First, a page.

The positive effects of shebeens, which originates from an Irish word “síbín” for an illicit bar or alcohol club without a licence, to the economy may include income generation, job creation, expression of cultural identity and pride, self-reliance, entertainment and social and cultural meeting place and political platforms.
That’s exactly what happened before independence during the colonial era when blacks were restricted to participate in the formal economy. In order to carve out a life, especially in the urban areas where they were living in squalor conditions, blacks reverted to the informal economy of shebeens and cuca shops.
Shebeens were mainly run by women to supplement the meager incomes of their husbands who were working as migrant laborers in urban towns. The shebeen culture made its way to Namibia from South Africa after the apartheid regime of South Africa took over the administration of the then South West Africa, Namibia’s colonial name.
Shebeens may have social, economic and historical functions but their presence within residential areas have more negative effects compared to their positive gains.
Corruption, in terms of how the Namibian Liquor Act 6 of 1998 is implemented, is a larger contributing factor in the mushrooming of shebeens in the residential neighborhoods throughout Namibia.
These are some of the disturbing findings of a Masters of Arts in Social Work degree research thesis submitted to the University of Namibia by Miriam Winnie Shidolo. The thesis is titled: “Perceptions of the effects of shebeens on the community of Greenwell Matongo, Windhoek”.
After Namibia’s independence in 1990, Namibia embarked upon a socio-economic developmental path, through various policies such as the NDP plans and Vision 2030, to steer the country towards progress and prosperity.
In this same spirit, the Namibian Liquor Act 6 of 1998, introduced eight years after independence, was enacted to consolidate and amend the laws relating to the control of the sale and supply of liquor in Namibia.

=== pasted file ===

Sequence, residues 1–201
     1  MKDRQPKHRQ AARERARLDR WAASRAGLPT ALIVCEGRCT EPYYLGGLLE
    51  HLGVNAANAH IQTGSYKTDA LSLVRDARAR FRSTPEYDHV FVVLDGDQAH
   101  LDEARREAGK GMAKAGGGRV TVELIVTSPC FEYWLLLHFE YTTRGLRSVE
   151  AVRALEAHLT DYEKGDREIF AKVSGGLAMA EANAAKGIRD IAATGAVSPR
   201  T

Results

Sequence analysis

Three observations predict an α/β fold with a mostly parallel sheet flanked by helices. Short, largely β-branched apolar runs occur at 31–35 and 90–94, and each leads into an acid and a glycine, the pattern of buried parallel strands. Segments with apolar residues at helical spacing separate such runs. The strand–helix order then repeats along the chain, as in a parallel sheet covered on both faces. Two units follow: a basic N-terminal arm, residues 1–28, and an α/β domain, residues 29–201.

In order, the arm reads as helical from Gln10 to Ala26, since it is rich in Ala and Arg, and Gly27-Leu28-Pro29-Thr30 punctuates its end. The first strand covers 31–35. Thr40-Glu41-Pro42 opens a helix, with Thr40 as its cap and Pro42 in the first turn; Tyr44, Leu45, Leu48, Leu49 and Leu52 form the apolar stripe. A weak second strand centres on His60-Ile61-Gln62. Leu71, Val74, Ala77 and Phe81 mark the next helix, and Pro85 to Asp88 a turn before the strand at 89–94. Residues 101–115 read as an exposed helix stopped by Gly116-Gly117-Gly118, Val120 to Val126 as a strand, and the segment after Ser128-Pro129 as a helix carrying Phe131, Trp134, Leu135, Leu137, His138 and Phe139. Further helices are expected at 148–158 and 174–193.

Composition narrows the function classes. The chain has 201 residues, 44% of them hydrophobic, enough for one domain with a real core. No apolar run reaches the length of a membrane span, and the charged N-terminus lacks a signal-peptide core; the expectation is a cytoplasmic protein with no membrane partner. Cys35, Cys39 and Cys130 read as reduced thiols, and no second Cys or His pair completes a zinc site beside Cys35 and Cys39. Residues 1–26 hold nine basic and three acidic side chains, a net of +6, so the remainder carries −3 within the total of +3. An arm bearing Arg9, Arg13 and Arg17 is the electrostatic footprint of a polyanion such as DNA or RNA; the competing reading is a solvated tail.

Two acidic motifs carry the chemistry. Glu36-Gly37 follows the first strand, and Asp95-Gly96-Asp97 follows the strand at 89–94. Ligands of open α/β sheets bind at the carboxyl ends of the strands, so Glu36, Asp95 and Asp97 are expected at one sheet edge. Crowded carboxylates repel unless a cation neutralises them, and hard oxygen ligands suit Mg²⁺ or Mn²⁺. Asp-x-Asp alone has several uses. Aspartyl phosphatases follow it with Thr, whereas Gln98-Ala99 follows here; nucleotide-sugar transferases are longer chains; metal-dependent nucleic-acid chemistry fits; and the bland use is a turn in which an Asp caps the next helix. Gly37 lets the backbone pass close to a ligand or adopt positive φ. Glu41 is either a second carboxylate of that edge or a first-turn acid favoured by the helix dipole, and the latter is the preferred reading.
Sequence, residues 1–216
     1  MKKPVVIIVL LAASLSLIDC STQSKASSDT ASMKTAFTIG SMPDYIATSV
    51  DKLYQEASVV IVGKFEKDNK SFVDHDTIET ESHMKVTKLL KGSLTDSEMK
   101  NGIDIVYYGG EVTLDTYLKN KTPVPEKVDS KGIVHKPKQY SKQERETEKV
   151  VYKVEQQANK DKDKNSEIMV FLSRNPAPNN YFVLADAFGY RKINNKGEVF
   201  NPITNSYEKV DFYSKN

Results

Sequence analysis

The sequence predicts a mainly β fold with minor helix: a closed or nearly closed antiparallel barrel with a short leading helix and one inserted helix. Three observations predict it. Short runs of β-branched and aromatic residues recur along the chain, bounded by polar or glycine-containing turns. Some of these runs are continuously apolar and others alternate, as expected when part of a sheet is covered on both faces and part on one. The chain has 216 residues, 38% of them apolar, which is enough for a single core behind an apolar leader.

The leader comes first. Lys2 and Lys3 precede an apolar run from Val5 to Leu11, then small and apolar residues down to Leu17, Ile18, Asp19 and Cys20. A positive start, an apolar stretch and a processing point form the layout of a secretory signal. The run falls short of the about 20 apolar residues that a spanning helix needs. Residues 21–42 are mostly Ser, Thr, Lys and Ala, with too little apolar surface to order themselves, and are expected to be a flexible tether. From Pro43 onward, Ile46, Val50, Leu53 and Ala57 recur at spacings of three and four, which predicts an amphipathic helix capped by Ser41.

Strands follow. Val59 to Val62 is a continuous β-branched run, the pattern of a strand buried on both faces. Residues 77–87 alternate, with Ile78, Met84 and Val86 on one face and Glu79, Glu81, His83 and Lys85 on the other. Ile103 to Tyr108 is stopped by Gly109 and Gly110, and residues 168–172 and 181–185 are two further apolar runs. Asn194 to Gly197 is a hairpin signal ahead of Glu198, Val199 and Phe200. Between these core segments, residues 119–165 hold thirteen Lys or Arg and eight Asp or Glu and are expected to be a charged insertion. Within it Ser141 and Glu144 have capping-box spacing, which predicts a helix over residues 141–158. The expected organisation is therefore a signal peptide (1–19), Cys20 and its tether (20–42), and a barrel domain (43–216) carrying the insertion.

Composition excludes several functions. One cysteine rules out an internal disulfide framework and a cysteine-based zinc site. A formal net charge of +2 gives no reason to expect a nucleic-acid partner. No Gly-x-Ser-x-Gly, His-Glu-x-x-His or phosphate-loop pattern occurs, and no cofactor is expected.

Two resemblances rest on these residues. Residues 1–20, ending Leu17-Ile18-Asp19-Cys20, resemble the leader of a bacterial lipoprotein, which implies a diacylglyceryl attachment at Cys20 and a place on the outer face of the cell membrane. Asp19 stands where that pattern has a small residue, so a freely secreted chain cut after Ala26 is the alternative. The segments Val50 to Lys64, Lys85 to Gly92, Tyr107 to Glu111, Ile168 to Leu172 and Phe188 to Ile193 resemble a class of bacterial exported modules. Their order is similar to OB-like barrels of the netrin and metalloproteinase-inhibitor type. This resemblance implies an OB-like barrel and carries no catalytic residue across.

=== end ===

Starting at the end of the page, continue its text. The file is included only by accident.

The law regulates the sale and supply of alcohol in Namibia but at the same time introduced conditions and processes for registering a shebeen. However, the study found that those conditions and processes of registration are impractical, ineffective, inefficient and largely not being followed.
Notwithstanding the law’s many flaws, corruption is a dominant catalyst for the act’s implementation failure. The study discovered the process to issue and acquire liquor licenses is shrouded in that corruption practices by law enforcers, administration of courts, and shebeen owners. Bribery, victimisation and intimidation of residents were revealed as being the main factors that lead residents into signing the consent forms for a shebeen to be erected in a residential neighborhood.
Complicating matters further are that many community members lack information and knowledge about the consent form that should be signed before a liquor license is awarded. Many revealed that they thought it is just a mere form to be signed for formality reasons. Nor are they aware of their rights to say no when asked to sign the form.
It is also worthwhile to note that people taking advantage to venture, even it is not really what they want, into shebeen businesses due to loopholes in the regulation and implementation of the alcohol law act
The ineffectiveness of the Liquor Act is hurting our nation and therefore reversing our political, economic, environmental and developmental gains made since independence. The results are more alcohol-related problems in the country such as excessive drinking and criminality.
Negative effects such as excessive noise, excessive alcohol consumption, poor parenting, children’s low performance at schools, poor hygiene, increasing crime, and poverty were uncovered by the study.
Noisy environment coming from the music and the shebeen patrons; people urinating or helping themselves everywhere due to lack of proper sanitation facilities are factors contributing to poor quality of life of the affected communities. They are causing sleep deprivation, poor concentration on schoolwork, poor hygiene, infections, and other communicable diseases such as hepatitis A and flu..
To this, the study has concluded that the control system of shebeens should be made stiffer to get away with illegal shebeens, bribery, and those that are operating after hours. Intervention and proper monitoring and evaluation systems would help eliminate hazards and reduce environmental risks, therefore greatly benefit people’s health and positively contribute to attaining our nation’s social goals.
Effective measures and policies dedicated to limiting alcohol density will mean reducing alcohol-related problems, thus enhancing and creating a healthy alcohol Namibia environment while improving the quality of life in communities.
Social and economic prosperity are impossible in an alcohol infested environment. Shebeens must be banned from residential areas and moved away from residencies as they are hurting our communities greatly. Doing so would promote a better quality of life for Namibia.
2019-07-26 11:15:15 | 10 months ago